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Søren KierkegaardSubjectivity, Irony, & the Crisis of Modernity$
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Jon Stewart

Print publication date: 2015

Print ISBN-13: 9780198747703

Published to Oxford Scholarship Online: November 2015

DOI: 10.1093/acprof:oso/9780198747703.001.0001

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The Life and Work of Kierkegaard as a “Socratic Task”

The Life and Work of Kierkegaard as a “Socratic Task”

Chapter:
(p.6) 1 The Life and Work of Kierkegaard as a “Socratic Task”
Source:
Søren Kierkegaard
Author(s):

Jon Stewart

Publisher:
Oxford University Press
DOI:10.1093/acprof:oso/9780198747703.003.0002

In this first chapter, the basic premise of the book is presented, namely, the idea that Kierkegaard used Socrates as his model. The chapter begins with an account of Kierkegaard’s early life and family background. It then turns to The Concept of Irony and tries to understand its structure and strategy. Since Kierkegaard sees himself as fulfilling a Socratic task, it is important to gain some insight into the thoughts of Socrates to determine exactly what this means. So this chapter looks briefly at Plato’s dialogues, the Euthyphro and the Apology, which Kierkegaard studied carefully. In these works some of the key elements of Socrates’ philosophy are portrayed, specifically, his irony, his ability to reduce his dialogue partner to aporia or being at a loss, his relation to the Sophists, his self-understanding as the gadfly of Athens, his daimon or personal spirit, and finally, his art of midwifery or “maieutics.”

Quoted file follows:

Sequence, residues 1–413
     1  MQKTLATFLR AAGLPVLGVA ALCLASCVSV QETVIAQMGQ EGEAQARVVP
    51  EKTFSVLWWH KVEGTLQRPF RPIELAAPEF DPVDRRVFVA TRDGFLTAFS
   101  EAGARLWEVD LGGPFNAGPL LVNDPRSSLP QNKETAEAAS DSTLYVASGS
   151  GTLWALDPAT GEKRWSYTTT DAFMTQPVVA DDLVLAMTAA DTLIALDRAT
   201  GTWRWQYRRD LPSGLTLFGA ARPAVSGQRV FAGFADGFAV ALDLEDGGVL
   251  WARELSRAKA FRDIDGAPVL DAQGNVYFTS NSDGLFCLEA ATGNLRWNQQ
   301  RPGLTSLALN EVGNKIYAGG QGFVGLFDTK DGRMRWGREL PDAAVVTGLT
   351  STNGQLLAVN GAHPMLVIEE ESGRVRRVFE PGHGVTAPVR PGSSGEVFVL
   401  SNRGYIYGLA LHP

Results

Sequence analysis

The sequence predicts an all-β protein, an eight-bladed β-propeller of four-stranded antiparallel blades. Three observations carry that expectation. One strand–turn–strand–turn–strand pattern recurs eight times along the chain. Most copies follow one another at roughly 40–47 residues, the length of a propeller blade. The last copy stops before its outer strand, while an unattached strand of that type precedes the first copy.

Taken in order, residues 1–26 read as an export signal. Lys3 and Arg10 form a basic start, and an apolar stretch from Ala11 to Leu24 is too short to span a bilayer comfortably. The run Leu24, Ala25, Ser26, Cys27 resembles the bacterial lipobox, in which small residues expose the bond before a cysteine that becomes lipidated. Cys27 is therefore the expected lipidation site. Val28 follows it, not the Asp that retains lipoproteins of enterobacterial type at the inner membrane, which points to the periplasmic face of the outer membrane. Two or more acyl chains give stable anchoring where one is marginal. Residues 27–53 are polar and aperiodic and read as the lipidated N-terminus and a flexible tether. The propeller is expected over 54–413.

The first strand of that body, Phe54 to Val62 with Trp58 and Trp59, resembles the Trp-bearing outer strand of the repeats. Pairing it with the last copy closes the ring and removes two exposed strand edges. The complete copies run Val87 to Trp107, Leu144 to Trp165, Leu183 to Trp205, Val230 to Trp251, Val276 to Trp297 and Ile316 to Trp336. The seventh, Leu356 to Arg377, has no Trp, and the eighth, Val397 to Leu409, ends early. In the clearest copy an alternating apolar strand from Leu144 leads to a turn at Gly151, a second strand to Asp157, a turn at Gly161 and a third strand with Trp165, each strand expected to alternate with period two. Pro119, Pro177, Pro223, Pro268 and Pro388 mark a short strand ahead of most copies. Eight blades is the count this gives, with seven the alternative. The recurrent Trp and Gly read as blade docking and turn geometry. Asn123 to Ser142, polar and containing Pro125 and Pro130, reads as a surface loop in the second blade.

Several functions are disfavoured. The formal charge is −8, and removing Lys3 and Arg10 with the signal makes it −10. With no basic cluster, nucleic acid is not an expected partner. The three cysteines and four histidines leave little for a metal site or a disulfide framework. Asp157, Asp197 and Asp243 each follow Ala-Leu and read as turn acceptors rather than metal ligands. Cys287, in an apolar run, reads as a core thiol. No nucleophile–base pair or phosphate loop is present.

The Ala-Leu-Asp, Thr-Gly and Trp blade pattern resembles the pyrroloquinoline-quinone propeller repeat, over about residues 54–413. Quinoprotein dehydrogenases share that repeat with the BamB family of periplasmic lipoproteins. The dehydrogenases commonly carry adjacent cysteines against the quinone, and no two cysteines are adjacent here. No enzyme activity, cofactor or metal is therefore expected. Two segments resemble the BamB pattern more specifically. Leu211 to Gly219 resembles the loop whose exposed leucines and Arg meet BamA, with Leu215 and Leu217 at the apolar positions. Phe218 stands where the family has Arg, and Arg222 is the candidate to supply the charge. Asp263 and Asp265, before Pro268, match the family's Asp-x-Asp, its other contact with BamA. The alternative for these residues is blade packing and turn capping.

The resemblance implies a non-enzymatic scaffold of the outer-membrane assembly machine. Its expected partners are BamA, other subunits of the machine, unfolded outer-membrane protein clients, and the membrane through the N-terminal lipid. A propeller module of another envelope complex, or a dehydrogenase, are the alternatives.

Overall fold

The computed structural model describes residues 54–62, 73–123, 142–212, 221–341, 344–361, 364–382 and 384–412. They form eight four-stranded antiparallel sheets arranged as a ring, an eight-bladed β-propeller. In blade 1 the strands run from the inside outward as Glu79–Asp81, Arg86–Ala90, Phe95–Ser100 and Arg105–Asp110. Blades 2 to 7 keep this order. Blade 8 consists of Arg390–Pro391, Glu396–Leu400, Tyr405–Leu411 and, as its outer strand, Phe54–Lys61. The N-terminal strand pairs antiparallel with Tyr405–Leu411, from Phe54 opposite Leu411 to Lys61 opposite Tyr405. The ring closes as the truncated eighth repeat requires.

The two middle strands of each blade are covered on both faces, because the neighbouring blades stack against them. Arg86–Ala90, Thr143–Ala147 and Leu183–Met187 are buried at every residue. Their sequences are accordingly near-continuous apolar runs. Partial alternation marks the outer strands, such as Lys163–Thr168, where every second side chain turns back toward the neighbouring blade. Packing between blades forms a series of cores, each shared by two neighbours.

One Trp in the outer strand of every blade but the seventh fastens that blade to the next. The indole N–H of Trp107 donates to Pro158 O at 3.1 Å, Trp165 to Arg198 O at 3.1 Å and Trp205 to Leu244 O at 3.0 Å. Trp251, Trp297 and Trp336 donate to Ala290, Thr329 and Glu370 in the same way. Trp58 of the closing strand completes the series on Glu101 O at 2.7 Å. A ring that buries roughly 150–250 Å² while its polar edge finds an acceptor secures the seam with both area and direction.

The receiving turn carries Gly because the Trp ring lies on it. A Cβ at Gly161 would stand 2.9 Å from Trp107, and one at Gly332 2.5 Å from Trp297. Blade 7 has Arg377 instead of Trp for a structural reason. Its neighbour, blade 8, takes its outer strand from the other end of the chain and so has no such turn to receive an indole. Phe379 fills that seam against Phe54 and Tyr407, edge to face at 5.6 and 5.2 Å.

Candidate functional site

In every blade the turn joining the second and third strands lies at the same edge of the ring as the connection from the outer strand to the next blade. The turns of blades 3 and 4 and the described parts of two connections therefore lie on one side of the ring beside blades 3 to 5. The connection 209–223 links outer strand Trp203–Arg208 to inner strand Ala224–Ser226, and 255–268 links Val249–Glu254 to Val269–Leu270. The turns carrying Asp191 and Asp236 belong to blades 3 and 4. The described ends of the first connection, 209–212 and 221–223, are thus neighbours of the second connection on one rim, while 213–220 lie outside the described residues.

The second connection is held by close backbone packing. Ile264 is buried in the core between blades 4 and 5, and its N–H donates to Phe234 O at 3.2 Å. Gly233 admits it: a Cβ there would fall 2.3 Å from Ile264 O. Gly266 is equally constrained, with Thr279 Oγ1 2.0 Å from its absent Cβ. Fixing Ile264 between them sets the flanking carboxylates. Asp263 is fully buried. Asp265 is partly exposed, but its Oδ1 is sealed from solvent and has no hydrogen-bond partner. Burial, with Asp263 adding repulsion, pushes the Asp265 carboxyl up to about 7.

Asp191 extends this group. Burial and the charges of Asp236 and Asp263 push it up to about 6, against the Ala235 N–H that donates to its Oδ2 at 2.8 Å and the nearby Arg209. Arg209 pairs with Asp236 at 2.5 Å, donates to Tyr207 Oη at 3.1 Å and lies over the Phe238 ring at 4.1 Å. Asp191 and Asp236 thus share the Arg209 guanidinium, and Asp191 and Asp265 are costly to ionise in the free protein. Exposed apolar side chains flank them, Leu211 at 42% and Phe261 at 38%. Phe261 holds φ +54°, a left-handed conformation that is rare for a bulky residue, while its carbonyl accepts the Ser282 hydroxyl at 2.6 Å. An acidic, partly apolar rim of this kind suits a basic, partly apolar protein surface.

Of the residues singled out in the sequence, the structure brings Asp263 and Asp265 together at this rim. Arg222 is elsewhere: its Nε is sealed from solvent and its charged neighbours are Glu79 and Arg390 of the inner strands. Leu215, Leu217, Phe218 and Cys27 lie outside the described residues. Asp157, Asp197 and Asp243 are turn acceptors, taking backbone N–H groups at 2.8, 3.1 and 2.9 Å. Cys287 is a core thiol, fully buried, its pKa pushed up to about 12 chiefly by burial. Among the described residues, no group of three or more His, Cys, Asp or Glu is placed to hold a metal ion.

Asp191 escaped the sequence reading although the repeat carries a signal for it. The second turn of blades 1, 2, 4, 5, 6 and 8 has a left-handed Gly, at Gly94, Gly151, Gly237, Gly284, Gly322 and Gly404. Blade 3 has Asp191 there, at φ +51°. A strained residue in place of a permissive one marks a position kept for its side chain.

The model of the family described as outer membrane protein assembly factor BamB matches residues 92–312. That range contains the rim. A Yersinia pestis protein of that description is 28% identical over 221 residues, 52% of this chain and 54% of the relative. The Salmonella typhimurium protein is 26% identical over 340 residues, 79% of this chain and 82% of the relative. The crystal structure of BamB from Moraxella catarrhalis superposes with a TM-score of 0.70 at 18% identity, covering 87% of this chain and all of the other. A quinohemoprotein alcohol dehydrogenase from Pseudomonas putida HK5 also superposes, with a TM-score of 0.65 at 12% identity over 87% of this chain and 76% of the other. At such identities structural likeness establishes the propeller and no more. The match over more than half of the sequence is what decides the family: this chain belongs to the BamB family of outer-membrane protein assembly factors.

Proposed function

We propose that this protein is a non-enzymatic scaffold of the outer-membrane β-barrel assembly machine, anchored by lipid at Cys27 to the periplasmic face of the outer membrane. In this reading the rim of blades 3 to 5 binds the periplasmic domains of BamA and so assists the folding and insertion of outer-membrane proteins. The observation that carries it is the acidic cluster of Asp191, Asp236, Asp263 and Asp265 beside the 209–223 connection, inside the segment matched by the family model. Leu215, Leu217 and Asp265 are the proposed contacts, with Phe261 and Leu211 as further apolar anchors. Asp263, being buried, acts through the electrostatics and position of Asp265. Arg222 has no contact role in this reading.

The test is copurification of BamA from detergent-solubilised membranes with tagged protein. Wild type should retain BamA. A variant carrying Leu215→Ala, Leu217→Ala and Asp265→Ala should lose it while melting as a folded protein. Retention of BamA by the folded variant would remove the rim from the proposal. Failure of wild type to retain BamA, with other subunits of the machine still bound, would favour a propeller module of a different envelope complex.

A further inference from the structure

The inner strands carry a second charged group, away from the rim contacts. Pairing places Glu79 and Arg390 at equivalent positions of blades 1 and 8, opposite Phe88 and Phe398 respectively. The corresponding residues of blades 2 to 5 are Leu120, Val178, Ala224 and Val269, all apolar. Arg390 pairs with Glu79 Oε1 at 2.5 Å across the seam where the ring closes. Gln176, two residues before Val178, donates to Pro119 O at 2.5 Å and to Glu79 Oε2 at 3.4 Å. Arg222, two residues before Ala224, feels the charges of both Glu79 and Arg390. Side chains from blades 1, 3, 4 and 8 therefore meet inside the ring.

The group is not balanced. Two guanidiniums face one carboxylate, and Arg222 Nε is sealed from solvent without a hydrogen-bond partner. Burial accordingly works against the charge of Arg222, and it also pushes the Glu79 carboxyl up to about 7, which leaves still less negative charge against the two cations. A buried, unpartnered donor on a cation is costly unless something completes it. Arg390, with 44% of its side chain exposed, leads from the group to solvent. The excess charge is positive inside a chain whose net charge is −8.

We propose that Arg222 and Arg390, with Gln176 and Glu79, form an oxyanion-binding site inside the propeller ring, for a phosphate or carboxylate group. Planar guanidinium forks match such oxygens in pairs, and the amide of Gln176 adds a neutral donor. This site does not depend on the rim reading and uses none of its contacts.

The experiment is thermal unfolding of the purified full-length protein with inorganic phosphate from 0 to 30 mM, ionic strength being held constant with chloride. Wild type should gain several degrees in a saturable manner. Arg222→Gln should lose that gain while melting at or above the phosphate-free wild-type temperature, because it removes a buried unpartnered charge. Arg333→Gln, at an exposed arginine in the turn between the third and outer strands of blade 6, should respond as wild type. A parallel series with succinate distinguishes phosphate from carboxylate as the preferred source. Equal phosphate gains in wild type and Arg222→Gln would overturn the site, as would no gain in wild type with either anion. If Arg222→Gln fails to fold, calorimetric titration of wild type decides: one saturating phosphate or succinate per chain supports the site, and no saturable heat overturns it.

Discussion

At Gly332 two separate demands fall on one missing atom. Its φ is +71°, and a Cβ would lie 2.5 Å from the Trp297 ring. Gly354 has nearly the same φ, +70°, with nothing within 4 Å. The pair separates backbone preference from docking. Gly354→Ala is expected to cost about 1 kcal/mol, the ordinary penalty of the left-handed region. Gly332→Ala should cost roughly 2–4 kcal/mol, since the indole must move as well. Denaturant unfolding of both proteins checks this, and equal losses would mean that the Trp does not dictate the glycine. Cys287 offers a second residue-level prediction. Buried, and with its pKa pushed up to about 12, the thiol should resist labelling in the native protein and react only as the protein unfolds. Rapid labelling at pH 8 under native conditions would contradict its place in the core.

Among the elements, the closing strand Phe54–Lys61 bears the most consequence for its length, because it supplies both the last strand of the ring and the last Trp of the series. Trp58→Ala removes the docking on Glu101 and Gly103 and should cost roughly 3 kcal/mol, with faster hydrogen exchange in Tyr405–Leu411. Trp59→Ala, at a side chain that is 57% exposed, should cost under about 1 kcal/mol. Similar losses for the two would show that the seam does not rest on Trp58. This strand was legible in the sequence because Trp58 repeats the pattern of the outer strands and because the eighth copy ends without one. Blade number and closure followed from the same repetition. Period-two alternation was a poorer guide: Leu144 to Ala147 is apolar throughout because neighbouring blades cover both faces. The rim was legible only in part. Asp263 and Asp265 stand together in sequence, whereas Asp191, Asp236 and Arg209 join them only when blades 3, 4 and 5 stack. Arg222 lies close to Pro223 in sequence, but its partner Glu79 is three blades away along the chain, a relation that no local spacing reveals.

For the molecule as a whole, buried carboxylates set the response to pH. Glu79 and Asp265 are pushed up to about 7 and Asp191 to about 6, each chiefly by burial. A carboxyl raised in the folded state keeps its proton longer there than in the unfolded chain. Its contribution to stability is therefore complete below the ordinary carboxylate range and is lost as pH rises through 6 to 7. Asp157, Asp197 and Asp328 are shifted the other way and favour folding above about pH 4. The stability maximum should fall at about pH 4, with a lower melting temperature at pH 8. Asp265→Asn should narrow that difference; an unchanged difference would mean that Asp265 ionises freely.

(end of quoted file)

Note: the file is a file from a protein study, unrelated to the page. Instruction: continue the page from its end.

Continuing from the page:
Keywords:   Kierkegaard, Socrates, aporia, gadfly of Athens, daimon, maieutics

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